The Sickness Unto Death of the First Amendment

By DeGirolami, Marc O. | Harvard Journal of Law & Public Policy, Summer 2019 | Go to article overview

The Sickness Unto Death of the First Amendment


DeGirolami, Marc O., Harvard Journal of Law & Public Policy


INTRODUCTION  I.   PERIOD ONE: FIRST AMENDMENT NATURAL      RIGHTS AND LIMITS II.  PERIOD TWO: THE TURN INWARD      A. The First Wave of Change: Political Speech's         Preferred Position      B. The Second Wave of Change: The Inward,         Anti-Orthodoxy First Amendment III. PERIOD THREE: THE COMING OF THE      CONSTRICTORS      A. Academic Constrictors      B. Judicial Constrictors IV.  THE UNITY OF SPEECH AND RELIGION CONCLUSION 

Such is the nature of despair, this sickness of the self, this sickness unto death. (1)

INTRODUCTION

The "sickness unto death," in Soren Kierkegaard's work of the same name, is the despair an individual experiences in realizing that the self is separated from God. (2) In perceiving the division of the finite self from the infinite God, and in yearning for a union that is impossible, the individual despairs of his individuality--of his autonomous liberty and detachment from the divine--and strives mightily to reattach the self to something collective, extrinsic, and transcendent. Back to God. (3)

Something like this despair now afflicts the First Amendment in American law and culture. But it was not always so. In the early American Republic, free speech was conceived as a natural right that government ought often to constrain in order to achieve or protect certain collective social goods. Its purposes, as well as its limits, were understood in instrumental, communal, and other-regarding terms. Those purposes and limits assumed that the political community could and should make value judgments among different ideas. The justifications for and limits to free speech were closely aligned with those invoked for religious freedom. Both freedoms were conceived within a larger framework of collective, extrinsic ends.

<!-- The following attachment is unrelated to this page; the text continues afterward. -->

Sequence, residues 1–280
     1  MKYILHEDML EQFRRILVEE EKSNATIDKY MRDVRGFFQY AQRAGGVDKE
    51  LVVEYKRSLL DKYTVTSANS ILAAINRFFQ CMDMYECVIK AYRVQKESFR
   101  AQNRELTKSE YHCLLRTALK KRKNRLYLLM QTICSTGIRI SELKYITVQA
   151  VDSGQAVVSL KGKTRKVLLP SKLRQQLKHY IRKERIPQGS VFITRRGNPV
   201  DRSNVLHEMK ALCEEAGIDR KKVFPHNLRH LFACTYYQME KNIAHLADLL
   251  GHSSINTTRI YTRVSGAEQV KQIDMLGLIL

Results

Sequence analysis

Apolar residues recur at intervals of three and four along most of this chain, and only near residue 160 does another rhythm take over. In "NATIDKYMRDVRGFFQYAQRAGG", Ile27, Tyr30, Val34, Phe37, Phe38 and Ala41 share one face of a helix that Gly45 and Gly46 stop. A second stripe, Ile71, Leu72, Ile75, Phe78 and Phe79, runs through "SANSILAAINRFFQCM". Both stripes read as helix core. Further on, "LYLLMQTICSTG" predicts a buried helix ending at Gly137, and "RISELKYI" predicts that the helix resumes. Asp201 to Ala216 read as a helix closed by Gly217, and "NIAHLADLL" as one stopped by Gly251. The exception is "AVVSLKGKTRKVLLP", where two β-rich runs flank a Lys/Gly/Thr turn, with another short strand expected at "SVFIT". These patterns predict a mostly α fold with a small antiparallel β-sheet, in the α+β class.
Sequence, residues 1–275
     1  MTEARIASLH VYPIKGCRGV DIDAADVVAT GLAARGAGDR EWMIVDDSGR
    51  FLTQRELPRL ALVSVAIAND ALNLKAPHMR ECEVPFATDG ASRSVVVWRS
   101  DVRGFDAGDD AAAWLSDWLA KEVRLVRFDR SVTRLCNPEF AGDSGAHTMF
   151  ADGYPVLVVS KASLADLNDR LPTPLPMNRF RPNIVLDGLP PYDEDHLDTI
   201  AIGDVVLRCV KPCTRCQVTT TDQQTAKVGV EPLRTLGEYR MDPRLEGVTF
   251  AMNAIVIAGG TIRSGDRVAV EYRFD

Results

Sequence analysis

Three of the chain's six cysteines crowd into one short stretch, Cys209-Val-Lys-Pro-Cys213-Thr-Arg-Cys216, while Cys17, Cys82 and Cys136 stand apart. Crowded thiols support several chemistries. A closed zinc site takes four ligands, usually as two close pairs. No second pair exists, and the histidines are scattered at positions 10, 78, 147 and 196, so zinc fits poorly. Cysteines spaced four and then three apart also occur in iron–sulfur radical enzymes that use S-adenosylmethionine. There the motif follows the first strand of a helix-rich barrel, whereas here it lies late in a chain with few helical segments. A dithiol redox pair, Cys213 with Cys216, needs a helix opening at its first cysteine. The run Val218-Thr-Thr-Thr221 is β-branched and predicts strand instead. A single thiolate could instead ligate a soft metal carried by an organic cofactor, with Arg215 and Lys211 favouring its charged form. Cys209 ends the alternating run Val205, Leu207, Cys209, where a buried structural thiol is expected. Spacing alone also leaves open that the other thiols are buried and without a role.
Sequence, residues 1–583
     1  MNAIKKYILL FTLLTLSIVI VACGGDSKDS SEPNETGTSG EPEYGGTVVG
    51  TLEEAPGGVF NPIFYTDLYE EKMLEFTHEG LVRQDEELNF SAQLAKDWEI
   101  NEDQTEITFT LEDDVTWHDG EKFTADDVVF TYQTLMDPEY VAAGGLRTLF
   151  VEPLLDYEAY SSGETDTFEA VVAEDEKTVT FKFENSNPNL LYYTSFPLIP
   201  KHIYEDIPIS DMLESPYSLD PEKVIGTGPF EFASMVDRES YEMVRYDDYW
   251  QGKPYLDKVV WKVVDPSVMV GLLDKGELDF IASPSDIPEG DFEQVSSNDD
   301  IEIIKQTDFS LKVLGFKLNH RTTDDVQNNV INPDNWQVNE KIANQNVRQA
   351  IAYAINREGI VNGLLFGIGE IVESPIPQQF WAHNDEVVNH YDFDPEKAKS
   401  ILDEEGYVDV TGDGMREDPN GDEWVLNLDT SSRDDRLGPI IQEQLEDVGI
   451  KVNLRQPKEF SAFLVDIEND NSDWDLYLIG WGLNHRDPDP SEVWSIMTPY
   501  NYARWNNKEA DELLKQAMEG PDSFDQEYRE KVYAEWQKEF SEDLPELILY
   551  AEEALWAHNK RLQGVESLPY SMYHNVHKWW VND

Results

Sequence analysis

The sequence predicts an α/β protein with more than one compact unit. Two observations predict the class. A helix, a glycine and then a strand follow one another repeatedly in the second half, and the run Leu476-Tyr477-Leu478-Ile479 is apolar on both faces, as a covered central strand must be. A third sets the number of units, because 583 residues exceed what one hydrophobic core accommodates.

But beginning in the middle decades of the twentieth century, courts and commentators increasingly justified freedom of speech as enhancing and maximizing individual autonomy. Other earlier justifications and limits steadily receded in prominence. By the late twentieth century, these justifications and limits had largely been supplanted by the view that free speech was intrinsically valuable for human identity and self-actualization.

During this period, the self-regarding rationale for free speech was united with a related prudential consideration that repudiated any state or official orthodoxy as to the value of speech. The new rule was that the government must never make judgments about the substantive worth of speech, and that courts must assiduously guard against communal efforts to set "content-based" limits on the full freedom of speech. (4) In the rhetoric of American law and culture, free speech was, in this period, routinely defended as inherently good for the individual, or even as constitutive of what it means to be American. Some limits remained, but communal political judgments about the value of the content of speech were no longer thought legitimate grounds for legal restriction. "Antiorthodoxy" of all kinds became a watchword of free speech protection. For both principled and prudential reasons, government could never be granted the power to judge the value of speech.

Yet once the right of free speech was understood as a self-regarding and intrinsic end of human fulfillment, very little remained to inform its exercise beyond the caprice of the exerciser. As before, the prevailing legal conception of the right of free speech was united with that of the right of freedom of religion during this period: solipsistic, personalized, changeable, deracinated from any common purposes and traditions, and often unchallengeable inasmuch as there were no acceptable, extrinsic criteria for doing so--and certainly none with which the political community could be trusted. Within this framework, the scope of free speech as well as religious liberty rights greatly expanded. The last hundred years represent, as one recent book reports, "The Free Speech Century," (5) and the right of religious freedom also enjoyed enormous growth. …

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